Brought to you by Taos Ski Valley
When you picture a ski town, you might imagine quaint European chalets tucked under a cozy layer of snow. Or, you might think of swanky condos and the sprawling mega-mansions of the super-rich. Chances are, you did not picture structures made out of adobe (a mud and straw mixture) that have stood for over a thousand years!
Welcome to Taos, NM, where many cultures collide.
Taos is home to the Taos Pueblo, a UNESCO world heritage site. The Pueblo is also one of the oldest continuously inhabited communities in the United States. Built between 1000 and 1400 AD, Taos Pueblo is still home to about 150 people who live there year-round. The Pueblo is constructed entirely out of adobe (a mud and straw mixture) and local timbers, yet the structure stands five stories tall! Each home in Taos Pueblo is self-contained and usually composed of two rooms, though the walls are shared with other dwellings. Originally, the only entrances were on the roof, which served as an effective defense against outsiders. Today there are about 1,900 members of the Taos indigenous group. The Pueblo is open for visitors and offers guided tours.
The Taos indigenous community is not the only culture present in Taos, NM. In 1540 AD, conquistadors (Spanish conquerors) arrived in search of the Cities of Gold. The conquistadors were ousted during a revolt in 1680 AD, but the Spanish later returned to Taos, and in 1772, the San Francisco Asis Church was built. This church is still used today and is designated a World Heritage Church in addition to being one of the most photographed and painted churches in the United States.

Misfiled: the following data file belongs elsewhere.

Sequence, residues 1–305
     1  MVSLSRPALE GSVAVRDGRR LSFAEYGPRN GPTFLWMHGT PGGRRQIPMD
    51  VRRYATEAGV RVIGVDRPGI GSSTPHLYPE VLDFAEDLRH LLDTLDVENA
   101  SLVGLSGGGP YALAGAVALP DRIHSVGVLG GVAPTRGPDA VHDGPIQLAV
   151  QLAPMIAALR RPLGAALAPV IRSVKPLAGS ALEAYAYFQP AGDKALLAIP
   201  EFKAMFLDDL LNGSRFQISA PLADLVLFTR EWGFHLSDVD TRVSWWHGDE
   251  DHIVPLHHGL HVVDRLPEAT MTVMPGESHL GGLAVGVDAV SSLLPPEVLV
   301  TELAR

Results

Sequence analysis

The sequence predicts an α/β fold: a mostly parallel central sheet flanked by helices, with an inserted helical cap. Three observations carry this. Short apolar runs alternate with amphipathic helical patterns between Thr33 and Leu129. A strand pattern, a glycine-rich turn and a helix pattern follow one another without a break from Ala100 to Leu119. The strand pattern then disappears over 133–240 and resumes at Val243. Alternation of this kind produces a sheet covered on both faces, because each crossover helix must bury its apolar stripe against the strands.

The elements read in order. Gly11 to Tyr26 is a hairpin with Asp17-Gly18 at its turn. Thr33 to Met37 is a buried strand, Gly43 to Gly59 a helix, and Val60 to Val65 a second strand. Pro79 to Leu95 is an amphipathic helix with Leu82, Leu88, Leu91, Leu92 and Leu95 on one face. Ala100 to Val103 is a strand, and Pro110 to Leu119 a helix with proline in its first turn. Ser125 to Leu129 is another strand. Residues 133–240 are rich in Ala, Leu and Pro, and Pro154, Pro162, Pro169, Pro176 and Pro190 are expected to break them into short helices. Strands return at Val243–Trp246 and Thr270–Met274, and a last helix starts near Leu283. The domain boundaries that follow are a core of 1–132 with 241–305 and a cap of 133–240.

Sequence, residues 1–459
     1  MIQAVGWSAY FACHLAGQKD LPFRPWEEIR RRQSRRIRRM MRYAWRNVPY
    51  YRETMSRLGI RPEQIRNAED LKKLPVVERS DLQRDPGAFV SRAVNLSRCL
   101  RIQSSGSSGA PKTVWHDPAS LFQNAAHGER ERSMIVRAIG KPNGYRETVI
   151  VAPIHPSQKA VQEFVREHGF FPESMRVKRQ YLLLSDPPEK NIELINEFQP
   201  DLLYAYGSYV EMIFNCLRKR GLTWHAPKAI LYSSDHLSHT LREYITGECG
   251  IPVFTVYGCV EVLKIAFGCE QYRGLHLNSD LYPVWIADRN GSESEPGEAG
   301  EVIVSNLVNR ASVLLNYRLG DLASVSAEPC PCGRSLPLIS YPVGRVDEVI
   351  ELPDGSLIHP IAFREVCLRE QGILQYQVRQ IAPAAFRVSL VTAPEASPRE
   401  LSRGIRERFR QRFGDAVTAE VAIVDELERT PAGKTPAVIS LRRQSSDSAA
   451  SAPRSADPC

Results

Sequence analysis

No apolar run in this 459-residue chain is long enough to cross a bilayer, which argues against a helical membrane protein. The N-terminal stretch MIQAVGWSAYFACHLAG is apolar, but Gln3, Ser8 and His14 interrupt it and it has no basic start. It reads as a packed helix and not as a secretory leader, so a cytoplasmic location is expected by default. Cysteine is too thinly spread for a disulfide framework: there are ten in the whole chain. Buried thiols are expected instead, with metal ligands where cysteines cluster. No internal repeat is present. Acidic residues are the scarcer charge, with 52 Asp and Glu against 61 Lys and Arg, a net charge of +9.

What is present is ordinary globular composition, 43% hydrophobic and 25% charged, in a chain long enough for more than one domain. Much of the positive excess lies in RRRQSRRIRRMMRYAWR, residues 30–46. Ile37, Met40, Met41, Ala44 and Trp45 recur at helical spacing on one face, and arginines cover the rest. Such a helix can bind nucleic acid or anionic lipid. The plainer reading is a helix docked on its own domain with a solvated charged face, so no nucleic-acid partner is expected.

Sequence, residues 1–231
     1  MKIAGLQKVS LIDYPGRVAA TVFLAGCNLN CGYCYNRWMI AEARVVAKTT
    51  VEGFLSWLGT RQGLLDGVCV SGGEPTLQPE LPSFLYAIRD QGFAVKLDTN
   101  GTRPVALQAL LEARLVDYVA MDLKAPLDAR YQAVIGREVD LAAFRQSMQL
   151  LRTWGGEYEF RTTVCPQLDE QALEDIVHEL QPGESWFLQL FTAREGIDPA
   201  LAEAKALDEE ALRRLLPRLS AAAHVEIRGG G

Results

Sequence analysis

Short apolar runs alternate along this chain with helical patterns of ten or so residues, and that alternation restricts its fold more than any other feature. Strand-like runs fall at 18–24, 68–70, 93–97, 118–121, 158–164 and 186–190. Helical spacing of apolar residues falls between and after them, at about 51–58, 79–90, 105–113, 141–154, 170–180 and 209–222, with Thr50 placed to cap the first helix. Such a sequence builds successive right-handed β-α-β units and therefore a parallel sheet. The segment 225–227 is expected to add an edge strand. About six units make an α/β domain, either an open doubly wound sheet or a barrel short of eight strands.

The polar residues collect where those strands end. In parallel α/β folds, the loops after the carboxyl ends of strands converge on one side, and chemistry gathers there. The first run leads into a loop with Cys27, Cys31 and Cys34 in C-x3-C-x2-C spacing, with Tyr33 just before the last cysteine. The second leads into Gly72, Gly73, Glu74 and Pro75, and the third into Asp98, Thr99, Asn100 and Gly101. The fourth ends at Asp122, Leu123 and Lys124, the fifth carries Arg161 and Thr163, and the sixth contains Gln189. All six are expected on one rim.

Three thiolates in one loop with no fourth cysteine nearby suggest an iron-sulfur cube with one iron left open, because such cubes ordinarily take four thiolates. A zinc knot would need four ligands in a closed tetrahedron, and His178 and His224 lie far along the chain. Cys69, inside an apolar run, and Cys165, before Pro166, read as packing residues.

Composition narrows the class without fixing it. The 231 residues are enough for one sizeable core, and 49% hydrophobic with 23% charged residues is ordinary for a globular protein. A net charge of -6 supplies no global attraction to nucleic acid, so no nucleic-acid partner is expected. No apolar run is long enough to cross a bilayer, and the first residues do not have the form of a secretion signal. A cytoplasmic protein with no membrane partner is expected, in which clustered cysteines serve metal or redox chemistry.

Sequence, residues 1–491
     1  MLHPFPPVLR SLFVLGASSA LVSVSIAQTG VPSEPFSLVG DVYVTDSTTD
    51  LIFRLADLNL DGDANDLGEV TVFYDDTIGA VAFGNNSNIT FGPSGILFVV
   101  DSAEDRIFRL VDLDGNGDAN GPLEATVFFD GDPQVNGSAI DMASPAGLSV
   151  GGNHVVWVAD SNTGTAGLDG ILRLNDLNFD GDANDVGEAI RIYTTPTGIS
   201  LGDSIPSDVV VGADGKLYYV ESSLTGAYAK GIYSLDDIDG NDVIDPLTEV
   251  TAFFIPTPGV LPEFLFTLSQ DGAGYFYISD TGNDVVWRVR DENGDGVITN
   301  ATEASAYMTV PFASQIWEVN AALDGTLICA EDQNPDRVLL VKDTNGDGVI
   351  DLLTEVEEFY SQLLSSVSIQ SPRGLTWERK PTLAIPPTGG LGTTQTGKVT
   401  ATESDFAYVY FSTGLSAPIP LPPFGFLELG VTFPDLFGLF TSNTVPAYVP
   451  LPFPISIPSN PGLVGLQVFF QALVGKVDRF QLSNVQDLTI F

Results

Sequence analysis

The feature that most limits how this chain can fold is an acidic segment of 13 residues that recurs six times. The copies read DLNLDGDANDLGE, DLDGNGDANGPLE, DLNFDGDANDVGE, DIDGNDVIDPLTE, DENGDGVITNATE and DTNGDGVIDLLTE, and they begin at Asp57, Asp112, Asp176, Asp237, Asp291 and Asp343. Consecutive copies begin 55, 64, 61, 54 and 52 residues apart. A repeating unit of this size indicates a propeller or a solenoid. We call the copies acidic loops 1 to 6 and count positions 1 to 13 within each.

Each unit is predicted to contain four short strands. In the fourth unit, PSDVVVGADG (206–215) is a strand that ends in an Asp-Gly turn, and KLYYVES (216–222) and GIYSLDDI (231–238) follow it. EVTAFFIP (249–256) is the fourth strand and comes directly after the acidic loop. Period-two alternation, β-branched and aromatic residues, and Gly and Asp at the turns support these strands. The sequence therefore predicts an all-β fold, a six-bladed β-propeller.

But wait, there’s more. Taos Ski Valley itself was founded by Ernie and Rhoda Blake, who were Swiss! Ernie Blake had always dreamed of owning his own ski area, and one day, while flying his Cessna, he spotted what would become Taos Ski Area. In 1955 Ernie moved his family into an eleven-foot camper at the base of the mountain, where they lived in spartan conditions while developing the resort. The first lift (a J bar) was installed in the fall of 1956, and the mountain was open for skiing! Crucially, Taos finally began allowing snowboarders on March 19, 2008.
Even the names of the runs at Taos reflect its rich integration of cultures and history. For example, both Ernie and Rhoda have runs named after themselves on the mountain. And while typical ski area names abound (think “Corner Chute” and “Snake Dance”), other runs have names like “Mucho Gusto” and its correspondingly presumably less fun alternative “Poco Gusto.” Many of the run names also reflect the Swiss heritage of the founders, including “Firlefanz” which means roughly “fooling around.” And, of course, in a nod to ski culture, there’s a run called “High Somewhere.”
So enjoy a wiener schnitzel from The Bavarian Restaurant located at the base of Lift 4. Take a tour of the Taos Pueblo. Snap a photo of the San Francisco Asis church. And when your server at dinner at Orlando’s (or any of the amazing New Mexican restaurants in the area) asks you, “red or green?” they’re asking what color of chile sauce you would prefer your food smothered in. Both are delicious, so ask for Christmas style.
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